Porter's five forces, founded in the 1980's, is the classical framework used to understand and analyze competitive forces in an industry. In the 1990's, a new framework was formed, the Value Capture Model. The Value Capture Model extends on previous frameworks in two ways. One, it formally describes competition as a
Simple linear regression (univariate regression) is an important tool for understanding relationships between quantitative data, but it has its limitations. One obvious deficiency is the constraint of one independent variable, limiting models to one factor, such as the effect of the systematic risk of a stock on its expected returns.
Porter's five forces is the most famous concept in strategy, and is a part of every business undergrad/MBA curriculum. The concept is a succinct yet brilliant way of describing the competitive forces in an industry. For banking, it is an immensely useful framework for industry analysis, a key part of
In our other accounting estimates articles, we talked about the discretion that management has in the income statement and the balance sheet. In this article, we will dive deeper into the incentives that management may have to manage these estimates. What is Earnings Management? Despite the discretionary nature of some of the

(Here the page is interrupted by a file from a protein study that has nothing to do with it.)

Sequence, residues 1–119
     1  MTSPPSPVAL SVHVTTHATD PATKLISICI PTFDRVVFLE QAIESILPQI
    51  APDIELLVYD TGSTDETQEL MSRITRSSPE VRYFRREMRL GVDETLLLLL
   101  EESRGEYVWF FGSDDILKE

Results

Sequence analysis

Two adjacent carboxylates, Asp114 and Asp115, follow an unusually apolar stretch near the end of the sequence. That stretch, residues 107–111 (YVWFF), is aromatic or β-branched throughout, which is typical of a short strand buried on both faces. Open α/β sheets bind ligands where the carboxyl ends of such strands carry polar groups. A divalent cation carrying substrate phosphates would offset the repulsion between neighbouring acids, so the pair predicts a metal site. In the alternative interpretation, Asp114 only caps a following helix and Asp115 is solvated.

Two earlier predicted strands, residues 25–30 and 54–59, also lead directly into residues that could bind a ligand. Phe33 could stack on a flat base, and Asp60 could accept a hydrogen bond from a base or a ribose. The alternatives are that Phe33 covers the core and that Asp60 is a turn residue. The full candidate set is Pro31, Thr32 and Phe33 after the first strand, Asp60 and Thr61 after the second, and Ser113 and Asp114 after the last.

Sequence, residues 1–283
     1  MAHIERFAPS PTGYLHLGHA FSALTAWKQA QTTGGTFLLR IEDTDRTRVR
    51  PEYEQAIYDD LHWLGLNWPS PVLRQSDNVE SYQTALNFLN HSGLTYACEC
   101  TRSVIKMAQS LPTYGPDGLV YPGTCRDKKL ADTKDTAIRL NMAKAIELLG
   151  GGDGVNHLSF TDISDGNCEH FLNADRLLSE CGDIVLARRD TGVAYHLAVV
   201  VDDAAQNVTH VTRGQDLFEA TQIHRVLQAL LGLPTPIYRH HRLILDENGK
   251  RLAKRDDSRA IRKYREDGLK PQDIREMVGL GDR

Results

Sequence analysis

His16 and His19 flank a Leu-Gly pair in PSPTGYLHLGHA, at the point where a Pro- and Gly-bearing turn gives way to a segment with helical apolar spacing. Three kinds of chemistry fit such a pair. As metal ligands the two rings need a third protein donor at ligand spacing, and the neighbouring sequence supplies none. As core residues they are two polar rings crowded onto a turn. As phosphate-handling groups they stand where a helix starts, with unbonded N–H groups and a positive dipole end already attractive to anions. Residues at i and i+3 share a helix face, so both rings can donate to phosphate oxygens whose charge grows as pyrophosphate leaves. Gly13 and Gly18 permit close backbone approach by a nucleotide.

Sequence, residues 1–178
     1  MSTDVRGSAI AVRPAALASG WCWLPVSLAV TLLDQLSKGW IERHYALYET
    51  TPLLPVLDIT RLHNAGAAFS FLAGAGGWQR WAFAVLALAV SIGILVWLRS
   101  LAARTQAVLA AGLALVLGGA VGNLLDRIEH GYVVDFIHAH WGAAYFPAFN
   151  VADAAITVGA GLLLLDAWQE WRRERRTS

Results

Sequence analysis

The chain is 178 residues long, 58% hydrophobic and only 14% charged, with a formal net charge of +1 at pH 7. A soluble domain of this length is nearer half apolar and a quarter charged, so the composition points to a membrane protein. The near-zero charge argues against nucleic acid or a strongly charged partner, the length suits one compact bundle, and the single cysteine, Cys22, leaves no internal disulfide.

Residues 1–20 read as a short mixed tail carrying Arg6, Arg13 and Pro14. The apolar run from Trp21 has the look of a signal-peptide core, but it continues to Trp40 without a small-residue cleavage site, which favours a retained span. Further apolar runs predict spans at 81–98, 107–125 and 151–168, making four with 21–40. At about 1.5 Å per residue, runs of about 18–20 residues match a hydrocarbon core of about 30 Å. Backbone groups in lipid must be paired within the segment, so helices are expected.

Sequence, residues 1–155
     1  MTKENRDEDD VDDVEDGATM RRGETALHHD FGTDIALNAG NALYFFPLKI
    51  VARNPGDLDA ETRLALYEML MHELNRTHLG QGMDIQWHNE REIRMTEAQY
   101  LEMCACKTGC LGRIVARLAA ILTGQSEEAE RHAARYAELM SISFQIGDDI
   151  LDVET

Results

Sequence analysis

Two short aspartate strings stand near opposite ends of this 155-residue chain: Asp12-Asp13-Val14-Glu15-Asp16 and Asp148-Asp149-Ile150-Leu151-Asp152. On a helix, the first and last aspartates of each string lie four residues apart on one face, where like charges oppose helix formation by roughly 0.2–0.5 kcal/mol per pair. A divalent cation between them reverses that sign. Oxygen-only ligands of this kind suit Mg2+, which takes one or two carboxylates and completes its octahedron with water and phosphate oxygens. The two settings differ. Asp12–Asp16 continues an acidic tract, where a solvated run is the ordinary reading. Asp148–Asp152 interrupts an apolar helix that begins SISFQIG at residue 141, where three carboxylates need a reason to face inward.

What sales and trading capabilities do the Big 5 Canadian banks have in Asia? Generally, Canadian banks have very lean operations in Asia. The biggest player in Asia would be Scotiabank, with an onshore presence in many countries - Scotia is Canada's most international bank. Scotiabank has the widest range of capabilities;
M&A Transaction Case Studies are commonly seen in case competitions, and sometimes in actual investment banking work. They are a quick analysis of an M&A transaction, summarized in a few PowerPoint slides. They can be a great way to prepare for interviews, while learning about the details of a transaction. Slide